Setting:      Ontario, Canada
Genre:        Mystery
Source:      I purchased my copy.

Wednesday, February 18, 2015

Books of 1955: Murder in the Raw by William Campbell Gault

William Campbell Gault started out writing stories for pulp magazines. According to the entry for this author in Paperback Confidential by Brian Ritt, he was writing for the "spicy" pulps and sports pulps in the 1930's and wrote for the detective pulps in the 1940's and 1950's.

Gault's first novel was Don't Cry for Me, published in 1952. It won the Best First Novel Edgar for that year. In 1955, he published Ring Around Rosa, the first in a series of novels featuring Brock Callahan, an ex-LA Ram football player, who becomes a private detective in Beverly Hills, California. That novel was later published under the name Murder in the Raw. The paperback edition I read had that title.

In this first book in the series, Callahan has just started his PI business and still wonders if he has it in him to go back to a year or two more of football. Although he has some contacts with the police in the area, in general they give him a hard time. Brock is doing his best to be an honest detective and stay within the law.

The basic story is that Callahan sets up his business and the first client who walks into his office is Juan Mira, a retired Filipino boxer. Juan wants to hire Callahan to find his missing girlfriend, Rosa Carmona, a dancer in a nightclub. Callahan does not want to take his money; he thinks Juan just wants him to make his girlfriend return to him. Juan talks Callahan into trying to find Rosa and things rapidly get more complicated.
Juan stood about five-four and would now weigh about a hundred and thirty. He wore a neat and creamy tropical weave suit and white buck shoes and a big-brimmed leghorn hat with an extremely colorful band. There are not many Miras in Beverly Hills; Juan was out of his league.
The cover of my edition describes the book as a hard-boiled classic. This book seemed to have less sex and violence than many books in that genre.

Brock often referred to his car as his "flivver." I am familiar with the word but haven't seen it used a lot, in books of any vintage.
My flivver is what is known as the Victoria model and it has really deluxe upholstery in white and green plastic. Tufted and buttoned and with beaded edges, I was so proud of it. 
I opened the door and turned sick.
Somebody had really worked the upholstery over with a knife. It was slashed viciously, both the front and rear seats. It was ruined.
The definition of "flivver" from the Urban Dictionary:
A 1930s (Great Depression era) slang term for a old, dilapidated, and/or otherwise ragged-out automobiles; appears commonly in 1930s literature like Jack Conroy's "The Disinherited."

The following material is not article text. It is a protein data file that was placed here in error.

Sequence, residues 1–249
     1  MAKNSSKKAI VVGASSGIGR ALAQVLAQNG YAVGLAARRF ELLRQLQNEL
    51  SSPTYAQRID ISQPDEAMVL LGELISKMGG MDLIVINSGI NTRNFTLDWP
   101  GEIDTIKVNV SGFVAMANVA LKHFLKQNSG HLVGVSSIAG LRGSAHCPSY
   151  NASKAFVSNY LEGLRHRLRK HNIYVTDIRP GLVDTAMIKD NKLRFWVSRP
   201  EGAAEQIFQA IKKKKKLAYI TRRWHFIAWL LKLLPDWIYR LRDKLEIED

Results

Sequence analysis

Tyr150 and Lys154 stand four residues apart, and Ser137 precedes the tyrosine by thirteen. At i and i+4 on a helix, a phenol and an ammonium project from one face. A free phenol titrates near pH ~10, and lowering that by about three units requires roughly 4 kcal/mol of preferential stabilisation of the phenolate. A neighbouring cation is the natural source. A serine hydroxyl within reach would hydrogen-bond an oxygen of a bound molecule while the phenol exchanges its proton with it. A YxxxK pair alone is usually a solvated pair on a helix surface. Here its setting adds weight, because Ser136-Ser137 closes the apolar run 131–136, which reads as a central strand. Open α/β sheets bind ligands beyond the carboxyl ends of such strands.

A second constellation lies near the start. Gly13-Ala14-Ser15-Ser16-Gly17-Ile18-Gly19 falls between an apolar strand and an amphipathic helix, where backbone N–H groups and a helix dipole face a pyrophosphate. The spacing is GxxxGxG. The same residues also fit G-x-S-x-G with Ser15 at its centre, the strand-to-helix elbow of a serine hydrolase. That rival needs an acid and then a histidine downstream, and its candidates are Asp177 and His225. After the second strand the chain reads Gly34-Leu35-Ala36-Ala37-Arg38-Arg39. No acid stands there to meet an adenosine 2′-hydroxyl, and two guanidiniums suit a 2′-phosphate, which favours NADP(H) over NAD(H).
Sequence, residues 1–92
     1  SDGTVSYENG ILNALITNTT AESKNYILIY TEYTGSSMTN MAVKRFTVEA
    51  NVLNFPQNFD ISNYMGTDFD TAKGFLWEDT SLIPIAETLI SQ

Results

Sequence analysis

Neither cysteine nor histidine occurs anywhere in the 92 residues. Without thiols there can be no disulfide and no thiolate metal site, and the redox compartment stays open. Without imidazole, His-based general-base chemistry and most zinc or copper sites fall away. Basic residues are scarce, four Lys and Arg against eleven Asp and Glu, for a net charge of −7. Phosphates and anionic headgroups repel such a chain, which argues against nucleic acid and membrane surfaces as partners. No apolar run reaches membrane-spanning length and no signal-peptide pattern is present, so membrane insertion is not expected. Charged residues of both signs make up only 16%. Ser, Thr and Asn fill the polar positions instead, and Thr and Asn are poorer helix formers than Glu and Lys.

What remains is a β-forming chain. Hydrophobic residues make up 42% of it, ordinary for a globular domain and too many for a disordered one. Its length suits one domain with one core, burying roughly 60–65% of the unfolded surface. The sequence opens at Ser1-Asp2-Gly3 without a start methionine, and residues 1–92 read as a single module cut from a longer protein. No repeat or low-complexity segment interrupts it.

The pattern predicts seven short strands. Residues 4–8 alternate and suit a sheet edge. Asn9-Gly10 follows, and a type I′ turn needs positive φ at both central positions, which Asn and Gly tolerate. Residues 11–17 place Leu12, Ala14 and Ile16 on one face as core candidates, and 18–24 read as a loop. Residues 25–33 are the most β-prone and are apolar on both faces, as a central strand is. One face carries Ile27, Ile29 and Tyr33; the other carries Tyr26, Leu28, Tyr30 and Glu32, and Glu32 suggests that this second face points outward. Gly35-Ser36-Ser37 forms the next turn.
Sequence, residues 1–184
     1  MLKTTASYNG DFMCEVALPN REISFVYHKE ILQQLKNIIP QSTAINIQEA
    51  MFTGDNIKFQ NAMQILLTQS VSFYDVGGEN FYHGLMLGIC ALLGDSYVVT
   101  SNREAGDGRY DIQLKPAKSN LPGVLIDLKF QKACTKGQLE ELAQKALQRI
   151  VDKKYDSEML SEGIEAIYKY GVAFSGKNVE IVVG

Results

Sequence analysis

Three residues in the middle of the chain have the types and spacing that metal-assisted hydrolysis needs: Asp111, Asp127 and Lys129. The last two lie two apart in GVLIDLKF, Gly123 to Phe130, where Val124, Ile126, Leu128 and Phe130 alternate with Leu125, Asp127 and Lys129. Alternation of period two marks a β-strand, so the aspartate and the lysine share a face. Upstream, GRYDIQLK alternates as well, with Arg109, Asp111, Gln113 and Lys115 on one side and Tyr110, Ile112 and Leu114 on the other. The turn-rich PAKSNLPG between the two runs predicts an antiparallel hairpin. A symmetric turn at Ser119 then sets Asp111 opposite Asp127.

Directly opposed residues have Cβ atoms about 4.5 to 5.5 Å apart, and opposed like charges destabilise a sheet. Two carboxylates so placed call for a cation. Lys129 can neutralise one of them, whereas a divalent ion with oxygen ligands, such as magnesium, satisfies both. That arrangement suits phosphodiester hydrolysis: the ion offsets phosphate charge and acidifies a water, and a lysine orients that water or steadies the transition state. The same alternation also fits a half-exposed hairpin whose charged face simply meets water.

Many of the books written by Gault feature sports. In addition to football, there is boxing, racing, and golf. In the mid-1960's and the 1970's he turned to juvenile fiction, often featuring sports, which was more lucrative. In the 1980's he returned to the Brock Callahan series and other crime fiction novels.

I enjoyed this book a lot, and I am glad I finally sampled this author's work. I will be looking for more in the Brock Callahan series and also plan to try some of his other mysteries.



Publisher:   Charter Books, 1988 (orig. pub. 1955 as Ring Around Rosa)
Length:       191 pages
Format:       Paperback
Series:        Brock Callahan, #1
Setting:       Beverly Hills, California
Genre:        Hard-boiled mystery
Source:       Purchased at Planned Parenthood book sale, 2013.

Tuesday, February 17, 2015

Mount TBR Reading Challenge 2015 (4th Year)

This is the fourth year I will be participating in the Mount TBR Reading Challenge hosted by Bev at My Reader's Block. I have been working on the challenge in spirit since January 1st  but today I join in officially.

My goal this year will be  Mt. Ararat: 48 books. As I look back at the last three years, my total of books read from my TBR piles, boxes, shelves is always around 50, so 48 is fairly safe. I usually read around 100 books a year, so I don't know why my count of TBR books is only about half of that. This year I plan to pay closer attention to that.

I am always complaining about my TBR piles but really the problem is that I keep buying books. How can I resist, when I see other bloggers' recommendations for books and authors that I had missed before of maybe just forgotten about?